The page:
In the upper Midwest, where my practice is located, winter seems to be the time of year when we have more cases and complaints about calf scours. And, the fatality rate is higher in these cases than in the summer.
Moderately cold and damp conditions probably allow many of the organisms commonly contributing to calf diarrhea to survive for a long period of time, especially the viral and protozoal causes. This results in a greater accumulation of infectious organisms in the environment, providing a larger infective dose for many calves at this time of year. And the cold weather makes any resulting weight loss and dehydration more likely to result in death.
For effective treatment, it is important to establish which organism(s) are responsible for the infection. The most common infective agents are:
Enterotoxigenic E. coli infections occur almost exclusively in calves less than one week of age. The bacteria cause diarrhea. If the case is severe and goes untreated, acidosis, dehydration and even death can occur.
Rotavirus infections occur in calves from five to 14 days of age. The virus invades and damages the tips of the villi (absorptive lining) on the upper portion of the small intestine.
Coronavirus infections commonly occur in calves between five and 14 days of age. The lesion is similar to that caused by rotavirus, except a larger segment of the gut is affected (both small and large intestine), so the diarrhea is typically more severe.
Cryptosporidia parvum is a protozoa that invades the villus tips of the small and large intestine, producing lesions and symptoms similar to those caused by coronavirus. It also affects calves from one to three weeks of age. Relapses are common.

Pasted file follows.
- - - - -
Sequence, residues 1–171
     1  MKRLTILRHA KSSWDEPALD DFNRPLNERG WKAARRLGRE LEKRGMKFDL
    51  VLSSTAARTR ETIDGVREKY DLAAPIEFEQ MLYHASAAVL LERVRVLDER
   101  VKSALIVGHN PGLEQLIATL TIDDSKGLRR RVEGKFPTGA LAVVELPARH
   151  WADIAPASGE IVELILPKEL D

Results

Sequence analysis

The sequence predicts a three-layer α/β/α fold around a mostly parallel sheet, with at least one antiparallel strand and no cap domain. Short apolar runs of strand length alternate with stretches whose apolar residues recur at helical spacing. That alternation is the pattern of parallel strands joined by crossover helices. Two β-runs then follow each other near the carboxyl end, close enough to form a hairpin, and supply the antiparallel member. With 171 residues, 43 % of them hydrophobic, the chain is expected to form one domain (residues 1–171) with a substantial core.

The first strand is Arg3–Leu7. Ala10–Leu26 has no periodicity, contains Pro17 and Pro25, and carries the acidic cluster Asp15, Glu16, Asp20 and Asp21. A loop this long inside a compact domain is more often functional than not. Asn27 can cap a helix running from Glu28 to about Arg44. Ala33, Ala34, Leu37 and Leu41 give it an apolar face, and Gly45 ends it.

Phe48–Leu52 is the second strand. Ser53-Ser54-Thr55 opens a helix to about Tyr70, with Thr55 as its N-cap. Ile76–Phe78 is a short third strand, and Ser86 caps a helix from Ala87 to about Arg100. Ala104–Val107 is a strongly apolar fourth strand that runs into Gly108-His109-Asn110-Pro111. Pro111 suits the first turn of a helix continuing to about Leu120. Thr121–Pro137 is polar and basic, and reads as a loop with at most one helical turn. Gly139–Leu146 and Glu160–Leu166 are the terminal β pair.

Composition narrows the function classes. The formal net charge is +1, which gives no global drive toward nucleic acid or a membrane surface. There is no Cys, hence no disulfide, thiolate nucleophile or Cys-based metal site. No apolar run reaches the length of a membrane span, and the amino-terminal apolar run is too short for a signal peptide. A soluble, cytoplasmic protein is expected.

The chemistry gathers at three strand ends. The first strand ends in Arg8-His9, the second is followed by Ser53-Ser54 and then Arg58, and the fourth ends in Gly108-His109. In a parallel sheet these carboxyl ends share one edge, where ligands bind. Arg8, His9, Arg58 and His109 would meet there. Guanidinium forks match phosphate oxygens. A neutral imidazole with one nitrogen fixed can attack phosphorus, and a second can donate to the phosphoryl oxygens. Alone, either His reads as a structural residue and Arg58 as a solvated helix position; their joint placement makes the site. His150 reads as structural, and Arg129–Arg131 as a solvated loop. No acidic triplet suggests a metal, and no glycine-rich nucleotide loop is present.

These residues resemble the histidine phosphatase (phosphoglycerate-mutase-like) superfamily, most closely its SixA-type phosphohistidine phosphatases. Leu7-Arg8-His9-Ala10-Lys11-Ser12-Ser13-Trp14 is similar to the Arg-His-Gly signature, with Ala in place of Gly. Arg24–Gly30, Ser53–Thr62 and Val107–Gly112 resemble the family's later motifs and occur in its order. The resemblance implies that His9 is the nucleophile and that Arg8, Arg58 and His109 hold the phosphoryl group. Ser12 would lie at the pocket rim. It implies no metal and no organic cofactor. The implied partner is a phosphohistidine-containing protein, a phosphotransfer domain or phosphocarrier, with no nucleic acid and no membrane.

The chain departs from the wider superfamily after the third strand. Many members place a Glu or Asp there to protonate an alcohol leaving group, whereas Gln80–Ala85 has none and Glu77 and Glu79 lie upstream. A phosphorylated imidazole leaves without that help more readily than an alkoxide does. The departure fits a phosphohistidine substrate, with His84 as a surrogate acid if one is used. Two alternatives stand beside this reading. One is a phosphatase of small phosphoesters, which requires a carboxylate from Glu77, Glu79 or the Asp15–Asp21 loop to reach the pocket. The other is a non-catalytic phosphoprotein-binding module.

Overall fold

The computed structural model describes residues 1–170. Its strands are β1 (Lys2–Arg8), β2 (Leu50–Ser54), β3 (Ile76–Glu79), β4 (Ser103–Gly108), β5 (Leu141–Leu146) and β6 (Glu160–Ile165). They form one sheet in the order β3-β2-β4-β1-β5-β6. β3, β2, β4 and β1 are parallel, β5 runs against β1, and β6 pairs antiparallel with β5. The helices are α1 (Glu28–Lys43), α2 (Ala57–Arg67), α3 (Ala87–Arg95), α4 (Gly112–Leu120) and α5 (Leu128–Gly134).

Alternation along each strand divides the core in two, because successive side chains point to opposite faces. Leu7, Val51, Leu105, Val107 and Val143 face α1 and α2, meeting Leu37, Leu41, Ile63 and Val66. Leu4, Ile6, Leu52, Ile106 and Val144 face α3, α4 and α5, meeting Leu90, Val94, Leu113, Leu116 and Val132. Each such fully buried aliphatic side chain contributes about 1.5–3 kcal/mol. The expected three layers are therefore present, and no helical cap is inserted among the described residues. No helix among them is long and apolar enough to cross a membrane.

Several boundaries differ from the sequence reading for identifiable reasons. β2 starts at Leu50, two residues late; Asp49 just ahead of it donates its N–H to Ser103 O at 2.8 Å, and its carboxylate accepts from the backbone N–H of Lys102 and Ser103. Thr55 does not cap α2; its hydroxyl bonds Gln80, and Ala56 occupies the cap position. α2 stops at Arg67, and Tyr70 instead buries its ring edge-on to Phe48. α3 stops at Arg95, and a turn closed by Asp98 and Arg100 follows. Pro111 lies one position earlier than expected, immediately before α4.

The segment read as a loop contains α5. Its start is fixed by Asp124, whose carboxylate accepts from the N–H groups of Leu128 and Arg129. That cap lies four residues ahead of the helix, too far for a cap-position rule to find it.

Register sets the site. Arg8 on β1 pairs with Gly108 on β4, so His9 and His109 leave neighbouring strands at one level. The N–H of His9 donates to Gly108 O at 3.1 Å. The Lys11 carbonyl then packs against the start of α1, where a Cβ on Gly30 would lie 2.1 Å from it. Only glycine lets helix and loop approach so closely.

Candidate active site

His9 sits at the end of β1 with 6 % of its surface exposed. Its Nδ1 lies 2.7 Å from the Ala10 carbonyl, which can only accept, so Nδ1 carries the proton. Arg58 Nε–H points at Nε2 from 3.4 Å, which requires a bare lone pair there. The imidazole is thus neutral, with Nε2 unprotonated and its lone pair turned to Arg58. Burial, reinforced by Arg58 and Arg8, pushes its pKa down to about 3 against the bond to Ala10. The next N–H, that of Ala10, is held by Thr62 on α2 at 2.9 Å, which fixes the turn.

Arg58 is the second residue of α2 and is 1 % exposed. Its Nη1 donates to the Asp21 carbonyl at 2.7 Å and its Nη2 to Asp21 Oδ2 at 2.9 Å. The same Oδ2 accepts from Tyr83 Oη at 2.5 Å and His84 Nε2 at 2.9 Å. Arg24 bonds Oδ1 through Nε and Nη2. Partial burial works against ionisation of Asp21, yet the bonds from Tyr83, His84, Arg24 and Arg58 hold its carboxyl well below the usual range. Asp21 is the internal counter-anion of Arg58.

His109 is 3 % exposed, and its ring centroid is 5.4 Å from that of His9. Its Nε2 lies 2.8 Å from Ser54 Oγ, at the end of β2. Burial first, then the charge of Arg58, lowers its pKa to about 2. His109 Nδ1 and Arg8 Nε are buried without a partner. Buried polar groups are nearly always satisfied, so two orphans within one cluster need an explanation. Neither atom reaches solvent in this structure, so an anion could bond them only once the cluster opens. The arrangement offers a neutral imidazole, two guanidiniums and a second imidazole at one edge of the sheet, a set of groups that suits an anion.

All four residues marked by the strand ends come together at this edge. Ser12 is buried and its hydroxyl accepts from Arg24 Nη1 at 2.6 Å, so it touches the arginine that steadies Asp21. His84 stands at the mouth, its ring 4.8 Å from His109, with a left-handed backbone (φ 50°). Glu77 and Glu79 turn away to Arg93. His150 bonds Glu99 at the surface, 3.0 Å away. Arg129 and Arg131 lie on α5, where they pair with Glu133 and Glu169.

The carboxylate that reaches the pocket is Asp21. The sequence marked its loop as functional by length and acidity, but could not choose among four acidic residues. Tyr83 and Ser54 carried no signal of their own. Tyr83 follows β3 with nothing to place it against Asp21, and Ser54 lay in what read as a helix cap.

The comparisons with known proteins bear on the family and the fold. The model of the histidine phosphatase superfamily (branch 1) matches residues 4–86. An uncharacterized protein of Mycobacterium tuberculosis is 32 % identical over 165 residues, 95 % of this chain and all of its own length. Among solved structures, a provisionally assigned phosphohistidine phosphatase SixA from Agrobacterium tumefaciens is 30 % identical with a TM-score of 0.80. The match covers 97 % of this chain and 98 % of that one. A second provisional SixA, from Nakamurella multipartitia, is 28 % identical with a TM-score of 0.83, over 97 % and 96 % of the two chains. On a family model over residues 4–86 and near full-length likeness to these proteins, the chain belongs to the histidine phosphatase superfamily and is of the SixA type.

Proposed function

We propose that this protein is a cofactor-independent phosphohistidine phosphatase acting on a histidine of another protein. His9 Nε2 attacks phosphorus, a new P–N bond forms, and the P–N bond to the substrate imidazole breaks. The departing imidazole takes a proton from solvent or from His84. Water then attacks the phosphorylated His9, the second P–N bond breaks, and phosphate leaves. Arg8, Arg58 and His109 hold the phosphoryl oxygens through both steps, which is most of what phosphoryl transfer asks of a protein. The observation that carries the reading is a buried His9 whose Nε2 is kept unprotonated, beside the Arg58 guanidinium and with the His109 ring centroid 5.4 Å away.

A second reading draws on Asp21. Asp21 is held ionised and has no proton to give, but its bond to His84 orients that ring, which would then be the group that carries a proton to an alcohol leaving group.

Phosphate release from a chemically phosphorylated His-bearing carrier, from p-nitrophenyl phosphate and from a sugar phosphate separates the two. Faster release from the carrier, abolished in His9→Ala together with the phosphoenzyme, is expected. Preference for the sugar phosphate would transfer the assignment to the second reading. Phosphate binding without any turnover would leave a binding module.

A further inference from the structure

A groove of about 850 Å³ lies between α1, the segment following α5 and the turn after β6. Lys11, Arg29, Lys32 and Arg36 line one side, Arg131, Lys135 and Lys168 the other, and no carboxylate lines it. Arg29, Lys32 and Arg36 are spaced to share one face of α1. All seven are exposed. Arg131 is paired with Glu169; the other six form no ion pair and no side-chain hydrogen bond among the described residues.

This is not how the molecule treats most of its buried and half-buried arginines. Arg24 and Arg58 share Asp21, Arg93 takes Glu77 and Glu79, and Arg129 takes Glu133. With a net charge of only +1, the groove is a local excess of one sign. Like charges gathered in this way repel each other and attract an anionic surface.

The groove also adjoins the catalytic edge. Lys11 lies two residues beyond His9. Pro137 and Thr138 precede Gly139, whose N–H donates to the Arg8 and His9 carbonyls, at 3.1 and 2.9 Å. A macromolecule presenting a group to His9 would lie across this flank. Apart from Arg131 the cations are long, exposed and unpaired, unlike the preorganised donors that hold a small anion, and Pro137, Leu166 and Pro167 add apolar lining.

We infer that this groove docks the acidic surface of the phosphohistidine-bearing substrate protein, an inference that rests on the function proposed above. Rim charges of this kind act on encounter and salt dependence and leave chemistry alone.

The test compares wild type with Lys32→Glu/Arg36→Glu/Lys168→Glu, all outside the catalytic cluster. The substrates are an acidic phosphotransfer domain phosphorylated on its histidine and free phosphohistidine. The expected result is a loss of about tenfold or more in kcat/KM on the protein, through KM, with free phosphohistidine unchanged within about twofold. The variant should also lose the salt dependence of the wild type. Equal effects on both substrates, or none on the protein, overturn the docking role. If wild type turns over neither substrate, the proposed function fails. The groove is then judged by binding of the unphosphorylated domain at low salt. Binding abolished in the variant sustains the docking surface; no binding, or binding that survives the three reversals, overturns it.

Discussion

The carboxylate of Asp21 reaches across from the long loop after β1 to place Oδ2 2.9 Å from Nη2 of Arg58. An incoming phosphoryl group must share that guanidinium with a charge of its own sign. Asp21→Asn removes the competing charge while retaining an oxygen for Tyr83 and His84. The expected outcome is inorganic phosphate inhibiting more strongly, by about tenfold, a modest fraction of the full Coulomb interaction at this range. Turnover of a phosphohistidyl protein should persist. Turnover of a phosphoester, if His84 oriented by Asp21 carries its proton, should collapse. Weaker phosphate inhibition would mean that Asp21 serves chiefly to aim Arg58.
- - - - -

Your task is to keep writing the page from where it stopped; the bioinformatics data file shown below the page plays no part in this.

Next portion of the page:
Salmonella bacteria can infect baby calves, as well as older cattle. Diarrhea is usually very severe and hemorrhagic (bloody).
Clostridium perfringens can cause diarrhea in calves less than two weeks of age, as well as sudden death in calves not previously observed to be ill.
Most of the time, clinical infections are mixed — caused by combinations of the above organisms.
Electrolyte-replacement solutions can help reverse the acidosis produced by the diarrhea and maintain energy intake. In addition to the electrolytes, continue to feed milk or milk replacer, since calf survival is improved when this practice is followed.
Systemic antibiotics. Approximately 40 percent of calves with neonatal diarrhea become septic, meaning the infection and its toxins have moved into the bloodstream, and survival is dependent upon treating with an appropriate antibiotic.
Oral antibiotics may be used for a limited time period — two to three days for bacterial infections.
Gut protectives, such as kaolin, may be given for malabsorptive diarrheas — those caused by viruses or Cryptosporidia.
Prevention protocols include sanitation, vaccination and enhancement of calf immunity and resistance through proper colostrum management and delivery.
Colostrum status can be measured by checking a calf’s serum total protein concentrations at 48 hours of age. Concentrations should be greater than 5.4 g/dl.
If you find yourself experiencing an outbreak of calf diarrhea in your herd, work with your veterinarian to establish a cause and institute effective treatment and preventive protocols.
Brian Gerloff is a veterinarian and operates Seneca Bovine Service in Marengo, Ill.